Everyone on the PGA Tour is long off the tee, but in seven years on the tour, Bubba Watson has never finished a season ranked lower than second in the driving distance statistic. Last season he finished first for the fourth time with an average distance of 315.5 yards.
Watson’s recognizable pink Ping G25 driver is easy to see in person and on TV as he lashes at the ball, but what most people fail to notice is that his grip is as big as a Sequoia.
“When I first met him in 2000,” says Matt Rollins, Ping Golf’s senior PGA Tour manager, “he had eight and six.”
By that, Rollins means Watson enlarged his driver’s grip by putting eight wraps of tape under the bottom half and six wraps under the top half.
“That was homemade and done by the Bubba Watson family. It just sort of came about by him and his Dad,” Rollins says. But the four-time Tour winner and 2012 Masters champion didn’t stop there.
“As we got going, Bubba said, ‘Gosh, I wish it was a little bigger,'” Rollins says. “So we made it a little bigger. ‘Man, I wish I didn’t hook it as much.’ So we made it even bigger. Finally we got to 12 and 10, and it’s been there since 2004.”
Aside from his putter, which has eight wraps of tape under the grip, all of Watson’s clubs have that unique 12 and 10 wrap build up except his lob wedge—it has 13 wraps under the bottom half and 11 under the top.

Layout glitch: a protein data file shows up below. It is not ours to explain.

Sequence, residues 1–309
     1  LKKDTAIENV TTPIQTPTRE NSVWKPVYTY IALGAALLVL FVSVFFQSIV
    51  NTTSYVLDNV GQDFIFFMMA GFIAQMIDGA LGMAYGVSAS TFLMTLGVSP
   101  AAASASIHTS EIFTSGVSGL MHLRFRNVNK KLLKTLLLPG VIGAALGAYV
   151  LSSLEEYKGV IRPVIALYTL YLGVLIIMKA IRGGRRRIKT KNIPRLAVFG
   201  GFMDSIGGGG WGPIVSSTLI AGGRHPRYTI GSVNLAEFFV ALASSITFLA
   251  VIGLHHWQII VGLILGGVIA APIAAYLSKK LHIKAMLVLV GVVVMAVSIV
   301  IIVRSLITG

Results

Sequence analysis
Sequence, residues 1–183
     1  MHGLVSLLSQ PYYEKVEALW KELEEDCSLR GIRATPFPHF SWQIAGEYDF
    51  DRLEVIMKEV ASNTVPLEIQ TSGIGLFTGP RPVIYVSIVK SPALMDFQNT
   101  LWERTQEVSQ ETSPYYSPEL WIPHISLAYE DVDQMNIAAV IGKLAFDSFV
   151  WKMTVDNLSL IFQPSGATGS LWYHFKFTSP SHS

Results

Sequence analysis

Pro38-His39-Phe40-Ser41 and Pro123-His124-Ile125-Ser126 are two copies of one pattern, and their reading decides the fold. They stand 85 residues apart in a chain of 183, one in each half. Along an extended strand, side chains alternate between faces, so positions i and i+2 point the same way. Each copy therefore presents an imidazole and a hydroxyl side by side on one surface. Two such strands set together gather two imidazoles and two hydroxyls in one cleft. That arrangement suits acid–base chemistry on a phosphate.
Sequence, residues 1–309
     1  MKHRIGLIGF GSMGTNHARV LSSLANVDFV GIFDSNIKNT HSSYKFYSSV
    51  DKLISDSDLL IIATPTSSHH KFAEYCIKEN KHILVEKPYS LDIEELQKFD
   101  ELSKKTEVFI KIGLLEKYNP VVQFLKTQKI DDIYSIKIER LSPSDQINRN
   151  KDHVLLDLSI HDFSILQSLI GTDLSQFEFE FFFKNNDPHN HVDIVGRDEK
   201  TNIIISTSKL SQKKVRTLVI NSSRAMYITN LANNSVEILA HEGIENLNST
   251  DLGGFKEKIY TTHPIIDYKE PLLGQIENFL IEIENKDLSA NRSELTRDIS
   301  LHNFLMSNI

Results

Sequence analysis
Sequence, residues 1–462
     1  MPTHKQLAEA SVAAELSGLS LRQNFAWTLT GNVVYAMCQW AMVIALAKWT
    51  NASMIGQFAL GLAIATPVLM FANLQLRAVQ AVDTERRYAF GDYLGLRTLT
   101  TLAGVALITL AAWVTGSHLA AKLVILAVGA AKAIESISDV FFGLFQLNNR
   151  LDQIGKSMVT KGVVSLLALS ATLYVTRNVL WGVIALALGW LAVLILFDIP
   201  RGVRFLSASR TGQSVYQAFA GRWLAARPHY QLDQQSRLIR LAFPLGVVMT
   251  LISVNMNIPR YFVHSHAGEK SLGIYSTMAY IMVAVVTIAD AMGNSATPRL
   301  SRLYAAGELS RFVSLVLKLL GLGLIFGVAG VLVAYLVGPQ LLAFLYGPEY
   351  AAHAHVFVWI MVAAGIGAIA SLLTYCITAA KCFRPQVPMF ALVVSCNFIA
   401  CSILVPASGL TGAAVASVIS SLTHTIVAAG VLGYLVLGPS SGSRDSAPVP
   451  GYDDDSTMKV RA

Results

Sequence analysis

To put Watson’s massive grips into perspective, Rollins says, John Daly uses the second-largest grips on the Tour, but he only uses six layers of tape under his grips. Rollins is unaware of any professional golfer who does anything like Bubba.
Watson enlarges his grips so much because like a lot of big hitters, he fears hooking. Larger grips discourage rotating your hands and shutting the face on the downswing, so they promote a fade. Conversely, a club with a smaller grip encourages a draw because it lets golfers rotate their hands more easily and close the face.
Daniel Udd, Ping’s master tour technician, is the person who does the work on Watson’s equipment at Tour events. He says that Watson has his clubs re-gripped only twice a year, once in October and once shortly after the U.S. Open. Watson uses a Ping Gold grip, which is 1/32″ larger than a standard-sized grip.
When he re-grips Watson’s clubs, Udd cuts the old grips off carefully so he doesn’t damage the tape underneath. Re-taping a club isn’t hard work, but it adds about three to five minutes per club to the job (40-45 minutes for 13 clubs), so re-using an old tape job saves time.
Watson’s decision to switch to a cordless grip a few years ago also helps Ping save time.
“Years ago, Bubba played a full-cord grip,” Rollins says. “For us to put a new set of grips on a set of his clubs, so we’re talking about 13 clubs, we’d need about 20 grips because the cords would pop. The build-up was just so big. Over time, and because his game evolved, he’s gone to a rubber grip, which has made our lives a lot easier.”
When you hold Watson’s driver in your hands, it feels like an axe that Paul Bunyan would have used to clear a forest. With Bubba Watson morphing into a folk hero after his win last year at Augusta, that seems appropriate.